Chapter 1 continued…
Out of the blue it seems my husband was diagnosed with stage 4 cancer at the unbelievable age of fifty four. We did chemotherapy, radiation, therapeutic mushrooms, meditation, sound healing and whatever we could but to no avail.
I was a practicing General Surgeon at the time for eighteen years saving lives and helping everyone that I touched but I could not rescue him. I gave up my career. I could not do what I did any longer. My work no longer made any sense to me. It did not matter.
I took care of him for about a year and a half and watched him die and grew to love him more and more every day. That time has been the buoy that has held me afloat in a sea of grief, guilt, and regret because he bequeathed to me the gift of unconditional love. I loved him more that I ever did and finally understood and realized just how much he truly loved me.
The reinvention of me or The Journey home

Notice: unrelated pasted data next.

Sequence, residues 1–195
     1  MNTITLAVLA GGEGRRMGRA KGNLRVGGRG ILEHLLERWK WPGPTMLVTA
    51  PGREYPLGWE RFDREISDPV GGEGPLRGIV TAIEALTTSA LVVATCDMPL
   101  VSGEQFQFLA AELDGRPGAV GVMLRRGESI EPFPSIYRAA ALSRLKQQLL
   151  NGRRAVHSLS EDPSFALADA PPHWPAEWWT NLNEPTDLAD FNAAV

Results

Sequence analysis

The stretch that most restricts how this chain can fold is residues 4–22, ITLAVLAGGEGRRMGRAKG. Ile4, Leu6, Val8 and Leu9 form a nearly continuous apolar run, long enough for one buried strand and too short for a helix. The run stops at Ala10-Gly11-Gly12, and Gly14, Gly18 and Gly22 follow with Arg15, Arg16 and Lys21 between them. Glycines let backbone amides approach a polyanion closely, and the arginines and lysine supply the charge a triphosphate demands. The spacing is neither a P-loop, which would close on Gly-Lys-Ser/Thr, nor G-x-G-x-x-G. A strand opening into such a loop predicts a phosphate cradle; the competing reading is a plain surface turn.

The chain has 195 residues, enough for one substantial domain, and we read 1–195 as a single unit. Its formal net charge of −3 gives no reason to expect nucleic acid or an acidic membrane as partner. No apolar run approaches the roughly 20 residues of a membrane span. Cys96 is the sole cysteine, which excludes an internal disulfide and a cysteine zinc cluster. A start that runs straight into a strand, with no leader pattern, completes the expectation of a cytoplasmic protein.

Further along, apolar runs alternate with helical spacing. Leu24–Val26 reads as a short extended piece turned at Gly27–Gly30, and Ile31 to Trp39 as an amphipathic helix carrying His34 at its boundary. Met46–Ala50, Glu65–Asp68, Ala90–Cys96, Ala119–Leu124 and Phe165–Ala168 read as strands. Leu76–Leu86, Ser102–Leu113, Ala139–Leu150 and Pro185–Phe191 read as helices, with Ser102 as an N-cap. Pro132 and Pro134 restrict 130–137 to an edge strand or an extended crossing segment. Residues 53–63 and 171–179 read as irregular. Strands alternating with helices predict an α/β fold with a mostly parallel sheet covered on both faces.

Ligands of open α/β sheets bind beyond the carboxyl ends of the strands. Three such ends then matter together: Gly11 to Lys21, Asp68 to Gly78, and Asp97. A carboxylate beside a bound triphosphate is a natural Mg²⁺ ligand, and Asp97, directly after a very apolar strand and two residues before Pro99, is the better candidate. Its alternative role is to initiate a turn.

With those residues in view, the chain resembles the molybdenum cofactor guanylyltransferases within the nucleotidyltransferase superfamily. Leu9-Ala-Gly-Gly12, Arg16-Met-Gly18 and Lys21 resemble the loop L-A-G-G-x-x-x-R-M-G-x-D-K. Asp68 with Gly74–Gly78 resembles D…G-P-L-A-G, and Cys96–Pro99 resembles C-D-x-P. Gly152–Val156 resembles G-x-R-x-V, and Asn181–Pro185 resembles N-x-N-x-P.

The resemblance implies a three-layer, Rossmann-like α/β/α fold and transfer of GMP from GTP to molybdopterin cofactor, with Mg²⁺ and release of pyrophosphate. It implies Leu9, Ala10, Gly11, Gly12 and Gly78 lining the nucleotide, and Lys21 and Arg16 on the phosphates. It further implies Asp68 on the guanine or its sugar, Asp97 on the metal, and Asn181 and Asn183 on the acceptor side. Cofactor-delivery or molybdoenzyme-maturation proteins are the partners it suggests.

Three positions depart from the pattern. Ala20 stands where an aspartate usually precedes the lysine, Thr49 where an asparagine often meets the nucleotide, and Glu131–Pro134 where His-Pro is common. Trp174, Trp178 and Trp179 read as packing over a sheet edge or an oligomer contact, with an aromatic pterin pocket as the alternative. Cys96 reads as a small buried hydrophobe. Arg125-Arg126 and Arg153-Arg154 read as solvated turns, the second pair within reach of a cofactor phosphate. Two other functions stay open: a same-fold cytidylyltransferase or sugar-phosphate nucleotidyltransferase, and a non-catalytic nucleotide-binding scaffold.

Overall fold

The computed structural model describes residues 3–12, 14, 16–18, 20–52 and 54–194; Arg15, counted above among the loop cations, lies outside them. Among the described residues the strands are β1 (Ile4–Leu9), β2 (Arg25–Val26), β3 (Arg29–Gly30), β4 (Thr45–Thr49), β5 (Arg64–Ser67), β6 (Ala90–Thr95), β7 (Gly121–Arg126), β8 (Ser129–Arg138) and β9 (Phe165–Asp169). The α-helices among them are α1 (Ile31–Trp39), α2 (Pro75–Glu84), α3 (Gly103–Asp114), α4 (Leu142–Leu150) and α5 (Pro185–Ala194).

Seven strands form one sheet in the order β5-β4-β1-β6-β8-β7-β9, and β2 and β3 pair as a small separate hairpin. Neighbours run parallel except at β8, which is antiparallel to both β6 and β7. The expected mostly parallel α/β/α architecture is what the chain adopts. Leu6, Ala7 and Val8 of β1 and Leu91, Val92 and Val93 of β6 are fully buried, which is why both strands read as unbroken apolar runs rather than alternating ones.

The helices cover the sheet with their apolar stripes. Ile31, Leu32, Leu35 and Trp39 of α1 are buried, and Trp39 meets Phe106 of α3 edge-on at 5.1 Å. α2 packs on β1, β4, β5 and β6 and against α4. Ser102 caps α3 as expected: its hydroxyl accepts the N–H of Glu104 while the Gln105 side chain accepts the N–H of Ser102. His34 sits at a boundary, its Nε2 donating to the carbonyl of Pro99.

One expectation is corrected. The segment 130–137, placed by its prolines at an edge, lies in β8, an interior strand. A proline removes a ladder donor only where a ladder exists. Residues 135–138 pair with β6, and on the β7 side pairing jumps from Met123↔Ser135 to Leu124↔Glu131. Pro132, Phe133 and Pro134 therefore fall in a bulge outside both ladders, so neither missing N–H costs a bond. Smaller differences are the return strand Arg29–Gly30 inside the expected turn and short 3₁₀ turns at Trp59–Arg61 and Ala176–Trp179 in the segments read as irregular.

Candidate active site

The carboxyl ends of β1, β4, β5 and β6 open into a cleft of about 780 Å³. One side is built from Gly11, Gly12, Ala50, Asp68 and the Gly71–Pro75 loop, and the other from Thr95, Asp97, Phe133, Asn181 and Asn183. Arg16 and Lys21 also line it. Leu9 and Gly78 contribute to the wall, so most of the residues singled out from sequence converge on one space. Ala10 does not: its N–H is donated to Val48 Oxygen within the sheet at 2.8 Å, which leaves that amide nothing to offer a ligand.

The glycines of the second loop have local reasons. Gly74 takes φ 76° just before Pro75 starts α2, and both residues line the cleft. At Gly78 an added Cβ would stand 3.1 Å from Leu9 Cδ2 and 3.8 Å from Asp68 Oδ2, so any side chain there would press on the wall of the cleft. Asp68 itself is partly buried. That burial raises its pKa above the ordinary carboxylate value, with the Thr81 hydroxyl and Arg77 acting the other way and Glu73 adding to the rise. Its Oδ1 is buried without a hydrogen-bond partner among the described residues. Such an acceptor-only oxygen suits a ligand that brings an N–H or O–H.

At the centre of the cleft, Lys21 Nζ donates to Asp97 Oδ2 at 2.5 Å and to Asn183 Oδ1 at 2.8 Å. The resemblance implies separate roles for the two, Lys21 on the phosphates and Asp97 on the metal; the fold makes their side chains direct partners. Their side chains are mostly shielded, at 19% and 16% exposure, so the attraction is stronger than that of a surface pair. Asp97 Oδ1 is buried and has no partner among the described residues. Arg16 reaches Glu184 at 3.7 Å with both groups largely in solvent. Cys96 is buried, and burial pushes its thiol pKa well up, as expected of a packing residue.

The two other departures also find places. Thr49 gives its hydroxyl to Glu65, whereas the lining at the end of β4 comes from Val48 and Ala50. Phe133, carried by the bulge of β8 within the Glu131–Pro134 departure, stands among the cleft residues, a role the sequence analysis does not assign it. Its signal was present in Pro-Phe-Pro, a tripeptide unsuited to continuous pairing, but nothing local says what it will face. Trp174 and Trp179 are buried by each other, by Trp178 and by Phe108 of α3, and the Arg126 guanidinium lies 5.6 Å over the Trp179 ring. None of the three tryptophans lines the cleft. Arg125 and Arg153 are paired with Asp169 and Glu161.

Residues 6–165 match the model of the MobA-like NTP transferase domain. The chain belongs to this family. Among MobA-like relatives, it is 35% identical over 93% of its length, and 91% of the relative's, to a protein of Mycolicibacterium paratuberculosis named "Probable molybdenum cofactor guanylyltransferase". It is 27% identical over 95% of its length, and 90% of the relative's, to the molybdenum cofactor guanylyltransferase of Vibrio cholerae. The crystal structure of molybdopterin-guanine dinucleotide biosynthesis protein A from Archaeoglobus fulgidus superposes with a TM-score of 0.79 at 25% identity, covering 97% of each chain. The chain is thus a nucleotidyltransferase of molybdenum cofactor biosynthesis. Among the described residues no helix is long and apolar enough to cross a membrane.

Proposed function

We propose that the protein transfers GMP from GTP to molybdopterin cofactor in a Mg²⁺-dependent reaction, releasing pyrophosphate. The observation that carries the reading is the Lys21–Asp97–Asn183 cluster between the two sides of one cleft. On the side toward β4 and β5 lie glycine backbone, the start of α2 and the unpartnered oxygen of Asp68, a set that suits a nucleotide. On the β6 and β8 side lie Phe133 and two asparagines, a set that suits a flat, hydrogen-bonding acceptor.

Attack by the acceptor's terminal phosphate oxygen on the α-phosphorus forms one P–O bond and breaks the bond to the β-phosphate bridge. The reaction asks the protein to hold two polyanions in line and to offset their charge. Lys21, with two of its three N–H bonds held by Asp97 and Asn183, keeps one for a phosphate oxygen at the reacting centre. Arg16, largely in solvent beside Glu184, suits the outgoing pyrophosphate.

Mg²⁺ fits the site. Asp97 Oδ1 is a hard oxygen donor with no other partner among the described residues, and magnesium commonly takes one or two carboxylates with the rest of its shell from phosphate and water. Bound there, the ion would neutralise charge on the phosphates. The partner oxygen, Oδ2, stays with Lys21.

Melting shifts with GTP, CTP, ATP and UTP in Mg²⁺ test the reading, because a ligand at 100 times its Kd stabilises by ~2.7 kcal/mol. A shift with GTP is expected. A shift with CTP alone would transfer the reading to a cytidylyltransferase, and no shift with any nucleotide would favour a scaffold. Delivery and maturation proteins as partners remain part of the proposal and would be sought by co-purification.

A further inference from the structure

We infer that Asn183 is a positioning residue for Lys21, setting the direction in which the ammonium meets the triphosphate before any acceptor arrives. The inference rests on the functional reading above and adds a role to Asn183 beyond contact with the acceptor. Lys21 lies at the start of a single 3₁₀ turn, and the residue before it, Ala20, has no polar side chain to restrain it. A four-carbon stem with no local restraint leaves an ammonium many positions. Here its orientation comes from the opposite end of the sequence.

After my husband died I mourned the loss of him, our marriage, and the person that I had been. I mourned and mourned, and then gradually as if awakening from a somnambulist stupor I came to the realization that I now had the opportunity to discover me. I would change my point of view and magically turn devastating loss into priceless opportunity.
Fortitudo, by Sandro Botticelli (Photo credit: Wikipedia)
The greatest act of bravery in my life to date has been the courage to feel what I truly feel.
It has not been the courage to open a patient’s abdomen with a blade in an attempt to save a life, but the desperate attempt to save my own life by opening to me.
The experience of pain, anguish, rejection and agony bares the heart to joy and bliss. Pain, rejection, joy and bliss, inseparable.
And so I sit in the vastness of my being and surrender to the waves of ecstasy flowing through and over me.